GEICO says know the signs of identity theft

Washington, D.C., March 31, 2015 – GEICO wants to remind you that your personal information is at risk from a multitude of sources. Identity thieves are hard at work attempting to steal your identity for monetary gain. The Federal Trade Commission (FTC) estimates that 13 million people have been the victim of an identity theft, costing consumers more than 18 billion dollars.

The GEICO Insurance Agency offers some tips to help you recognize the signs of identity theft.

How thieves get your information

Identity thieves will use any possible means to gain access to your information. They will rummage through your garbage or the trash of businesses and public dumps. They will contact you by phone or email and pretend to work for legitimate companies, medical offices or government agencies in an attempt to convince you to reveal your personal information. Identity thieves will also hack into your personal computer and mobile devices as a way to steal your information.

What thieves do with your identity

Once your personal information has been compromised, identity thieves can drain your bank account, run up charges on your credit cards, open new utility accounts, or get medical treatment on your health insurance using your name. An identity thief can file a tax refund in your name and get your refund. In some extreme cases, a thief might even give your name to the police during an arrest.

Signs that someone has stolen your identity

  • There are unexplained withdrawals from your bank account.
  • You stop receiving your bills and other sensitive mail.
  • You receive calls from debt collectors about bills that you aren't familiar with.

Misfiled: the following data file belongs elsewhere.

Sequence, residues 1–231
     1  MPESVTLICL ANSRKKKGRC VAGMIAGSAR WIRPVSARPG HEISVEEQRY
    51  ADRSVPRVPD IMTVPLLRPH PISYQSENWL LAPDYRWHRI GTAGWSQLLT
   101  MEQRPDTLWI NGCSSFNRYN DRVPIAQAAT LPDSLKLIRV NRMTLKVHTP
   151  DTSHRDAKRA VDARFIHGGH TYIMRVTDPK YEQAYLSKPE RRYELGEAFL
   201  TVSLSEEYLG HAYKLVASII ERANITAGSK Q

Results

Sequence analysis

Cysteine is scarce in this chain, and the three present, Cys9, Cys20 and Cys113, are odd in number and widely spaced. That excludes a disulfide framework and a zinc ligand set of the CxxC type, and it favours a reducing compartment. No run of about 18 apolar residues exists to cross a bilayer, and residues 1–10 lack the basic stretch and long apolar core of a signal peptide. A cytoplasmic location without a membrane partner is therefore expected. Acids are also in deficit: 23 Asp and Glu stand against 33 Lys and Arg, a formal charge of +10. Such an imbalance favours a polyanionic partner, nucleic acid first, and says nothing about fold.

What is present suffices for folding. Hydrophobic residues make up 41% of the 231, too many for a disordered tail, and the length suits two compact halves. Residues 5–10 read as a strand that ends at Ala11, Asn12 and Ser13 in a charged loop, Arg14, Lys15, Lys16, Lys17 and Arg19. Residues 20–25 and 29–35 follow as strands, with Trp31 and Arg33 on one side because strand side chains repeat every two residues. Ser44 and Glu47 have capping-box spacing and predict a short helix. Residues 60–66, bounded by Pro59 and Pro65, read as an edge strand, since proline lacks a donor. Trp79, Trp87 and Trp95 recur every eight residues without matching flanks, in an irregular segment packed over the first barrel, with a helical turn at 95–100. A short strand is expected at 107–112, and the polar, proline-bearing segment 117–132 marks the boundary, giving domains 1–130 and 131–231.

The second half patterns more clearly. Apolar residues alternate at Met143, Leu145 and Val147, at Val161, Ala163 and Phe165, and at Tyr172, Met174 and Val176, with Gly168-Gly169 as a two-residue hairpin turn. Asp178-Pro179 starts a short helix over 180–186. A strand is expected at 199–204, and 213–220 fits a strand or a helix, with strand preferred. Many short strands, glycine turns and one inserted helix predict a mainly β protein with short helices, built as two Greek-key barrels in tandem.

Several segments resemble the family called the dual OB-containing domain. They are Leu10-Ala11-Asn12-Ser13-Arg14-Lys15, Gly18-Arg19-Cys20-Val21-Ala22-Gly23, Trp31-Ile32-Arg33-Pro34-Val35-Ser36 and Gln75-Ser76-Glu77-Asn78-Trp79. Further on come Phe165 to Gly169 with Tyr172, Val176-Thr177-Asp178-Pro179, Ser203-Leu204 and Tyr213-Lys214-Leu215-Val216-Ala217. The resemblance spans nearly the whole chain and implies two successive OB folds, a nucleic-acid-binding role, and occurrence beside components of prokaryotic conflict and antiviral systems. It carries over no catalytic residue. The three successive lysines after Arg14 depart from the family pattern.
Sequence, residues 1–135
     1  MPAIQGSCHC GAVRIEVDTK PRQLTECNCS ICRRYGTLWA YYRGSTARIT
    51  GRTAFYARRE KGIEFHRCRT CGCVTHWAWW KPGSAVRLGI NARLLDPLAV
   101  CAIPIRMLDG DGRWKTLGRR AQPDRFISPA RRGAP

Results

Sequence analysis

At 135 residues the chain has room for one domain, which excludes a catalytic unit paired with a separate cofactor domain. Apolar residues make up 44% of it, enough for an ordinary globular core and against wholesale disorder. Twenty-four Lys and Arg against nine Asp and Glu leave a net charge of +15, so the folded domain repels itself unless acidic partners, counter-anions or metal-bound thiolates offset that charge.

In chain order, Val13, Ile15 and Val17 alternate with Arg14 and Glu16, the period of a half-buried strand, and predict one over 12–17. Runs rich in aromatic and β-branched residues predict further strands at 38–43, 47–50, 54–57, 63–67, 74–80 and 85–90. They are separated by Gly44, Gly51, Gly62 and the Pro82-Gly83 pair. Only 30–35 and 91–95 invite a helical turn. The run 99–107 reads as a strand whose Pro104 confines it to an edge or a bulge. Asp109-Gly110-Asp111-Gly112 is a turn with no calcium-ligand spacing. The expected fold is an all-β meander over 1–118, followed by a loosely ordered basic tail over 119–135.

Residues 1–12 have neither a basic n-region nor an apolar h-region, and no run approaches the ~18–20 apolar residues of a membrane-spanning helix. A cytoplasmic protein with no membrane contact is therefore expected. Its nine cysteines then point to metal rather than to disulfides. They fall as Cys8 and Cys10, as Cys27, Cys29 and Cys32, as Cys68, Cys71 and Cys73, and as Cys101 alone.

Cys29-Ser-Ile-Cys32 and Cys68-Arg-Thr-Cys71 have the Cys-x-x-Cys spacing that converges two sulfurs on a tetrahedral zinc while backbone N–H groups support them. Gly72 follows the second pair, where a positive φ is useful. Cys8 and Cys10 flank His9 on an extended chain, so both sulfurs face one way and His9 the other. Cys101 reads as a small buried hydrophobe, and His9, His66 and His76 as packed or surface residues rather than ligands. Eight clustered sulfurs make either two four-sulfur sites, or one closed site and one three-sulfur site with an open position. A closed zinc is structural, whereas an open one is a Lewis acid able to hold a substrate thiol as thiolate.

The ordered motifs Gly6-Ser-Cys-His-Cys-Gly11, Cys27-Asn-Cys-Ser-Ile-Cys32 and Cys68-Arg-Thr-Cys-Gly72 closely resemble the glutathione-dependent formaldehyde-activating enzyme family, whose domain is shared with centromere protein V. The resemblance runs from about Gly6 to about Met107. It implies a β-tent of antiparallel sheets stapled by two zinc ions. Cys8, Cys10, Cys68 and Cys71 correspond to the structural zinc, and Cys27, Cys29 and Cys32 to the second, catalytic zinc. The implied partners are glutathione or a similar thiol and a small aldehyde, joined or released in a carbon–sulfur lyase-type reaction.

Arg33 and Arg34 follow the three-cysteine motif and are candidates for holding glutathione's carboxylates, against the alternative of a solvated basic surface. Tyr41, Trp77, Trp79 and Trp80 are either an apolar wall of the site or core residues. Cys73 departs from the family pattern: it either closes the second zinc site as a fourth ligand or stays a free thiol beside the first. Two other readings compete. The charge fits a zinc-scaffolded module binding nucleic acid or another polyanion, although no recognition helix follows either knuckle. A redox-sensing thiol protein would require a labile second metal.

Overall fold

• Unfamiliar accounts and charges appear on your credit report.
  • You are billed for medical services you didn't use.
  • The IRS notifies you that dual tax returns have been filed in your name.

What should you do if your information has been compromised?

If your wallet, Social Security card, or other personal, financial or account information are lost or stolen, contact the credit reporting companies and place a fraud alert on your credit file. Periodically check your bank and other account statements for unusual activity. Identity theft protection services can help protect your identity and put other proactive measures in place to monitor financial accounts, credit reports and personal information. For more information, visit

GEICO (Government Employees Insurance Company), the second-largest auto insurer in the U.S., was founded in 1936 and insures more than 27 million vehicles.

To make changes, report claims, print insurance cards and purchase additional products, policyholders can log into their car insurance policy, connect via GEICO Mobile, phone or by visiting a GEICO local agent.

Homeowners, renters, condo, flood, identity theft and life coverages are written through non-affiliated insurance companies and are secured through the GEICO Insurance Agency, Inc. Commercial auto and personal umbrella coverages are also available.

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